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Long-Acting Opioids for Severe Chronic Daily Headache (Posted April 2001)
Chronic Methadone Therapy for Refractory Pervasive
Opioids for Noncancer pain: from Controversy to Consensus
by Alan Spanos, MD
The following is an excerpt from a modified version of the article that first appeared in the International Journal of Pharmaceutical Compounding, 2(2): 106-108, 1998.
Over the last decade, a controversy over the use of opioids for chronic noncancer pain has evolved towards a consensus. the previous position was that opioids should only be used for acute, severe pain and for cancer. Their use in chronic, noncancer pain was regarded as both useless and dangerous, and physicians prescribing in such cases were commonly investigated by their state medical boards or the Drug Enforcement Administration. This position was based on three opinions: first, that patients maintained on opioids commonly developed addiction; second, that tolerance rapidly developed so that opioids were then useless even for acute pain in emergencies; and third, that opioids had medically dangerous side effects such as respiratory depression and liver damage.
If these opinion are true, they would certainly be strong reasons for avoiding opioids in chronic noncancer pain. However, evidence has accumulated that each of them is false. The result is that many senior pain specialists now acknowledge that we have been withholding our strongest, safest, pain medications from countless people whose pain could be substantially and permanently relieved...
...The first misconception, that of addiction being caused by medical use of opioids, has been dispelled by several large studies.1,2,3 In one of these, addiction was looked for in 10,000 patients who had been treated for extensive burns, requiring prolonged use of opioids in hospitals. Not a single case of iatrogenic (due to treatment with opioids) addiction was found.2 ....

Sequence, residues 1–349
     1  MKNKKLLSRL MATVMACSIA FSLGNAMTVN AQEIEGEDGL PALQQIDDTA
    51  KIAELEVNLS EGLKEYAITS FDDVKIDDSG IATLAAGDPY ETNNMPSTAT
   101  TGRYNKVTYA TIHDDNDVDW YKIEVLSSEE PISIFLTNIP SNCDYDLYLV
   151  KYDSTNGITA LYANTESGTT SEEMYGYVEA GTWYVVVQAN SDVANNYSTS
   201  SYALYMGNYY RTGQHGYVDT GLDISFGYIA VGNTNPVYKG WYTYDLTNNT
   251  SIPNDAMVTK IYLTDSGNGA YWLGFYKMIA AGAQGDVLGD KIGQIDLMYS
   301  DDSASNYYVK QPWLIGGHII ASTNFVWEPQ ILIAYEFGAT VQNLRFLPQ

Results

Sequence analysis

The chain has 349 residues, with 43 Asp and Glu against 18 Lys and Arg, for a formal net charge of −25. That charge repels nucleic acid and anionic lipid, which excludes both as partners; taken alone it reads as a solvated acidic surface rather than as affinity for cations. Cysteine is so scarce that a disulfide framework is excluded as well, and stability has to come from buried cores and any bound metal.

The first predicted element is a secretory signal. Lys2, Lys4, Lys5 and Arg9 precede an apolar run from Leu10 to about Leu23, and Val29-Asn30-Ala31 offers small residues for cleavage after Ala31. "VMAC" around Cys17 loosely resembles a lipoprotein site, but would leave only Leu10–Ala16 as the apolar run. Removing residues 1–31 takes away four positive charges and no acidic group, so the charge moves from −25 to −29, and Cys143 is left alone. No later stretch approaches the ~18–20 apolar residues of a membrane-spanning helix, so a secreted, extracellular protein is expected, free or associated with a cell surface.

...As for tolerance, this is much less common than used to be believed. Moreover, when it does occur, it is only partial: the opioid dose may have to be increased moderately, but opioid sensitivity remains at the higher dose. Most cases of apparent tolerance to opioid analgesia have actually represented progression of the pain condition for which they were prescribed. The increased "nocioceptive load" therefore required a higher dose of opioid to counteract it. Interestingly though, although tolerance to analgesia is not a great problem with opioids, tolerance to the side effects of sedation and nausea usually happens within a few days. Even the constipation so routinely induced by opioids does often diminish with time, though this may take many weeks or even months.
The third misconception was about medical adverse effects of opioids. Respiratory depression is the major fear, based on experience with parenteral (intravenous, intramuscular, subcutaneous) opioids. But it is not seen with opioids titrated (determining proper dose to alleviate pain) orally. As for liver damage, this is a misconception: opioids do not do this. The mistake arose because so many opioid preparations also contain acetaminophen, which is of course highly hepatotoxic (damaging to the liver) in overdose...
...Despite these ingrained misconceptions, many doctors have learned from experience that opioids are much safer, and much more effective , than they have been taught. Their experience is now validated in the position paper of the American Pain Society and the American Academy of Pain Medicine. These organizations hold that opioid treatment for selected cases of chronic noncancer pain is now the standard of care. It follows that to refuse to consider such treatment as an option is now unorthodox. Physicians who withhold opioids "on principle" from patients with chronic pain are condemning countless people to lives of unremitting but unnecessary agony. It is nothing short of scandalous that many pain clinics still refuse to include long term opioid therapy among their options. They should be required to tell their patients that their practice is "unorthodox" according to the pain specialists' own authorities. And physicians who do use long term opioid therapy should feel reassured that their practice is now supported by expert consensus.
Long-term scheduled opioid treatment for intractable headache: 3-year outcome report
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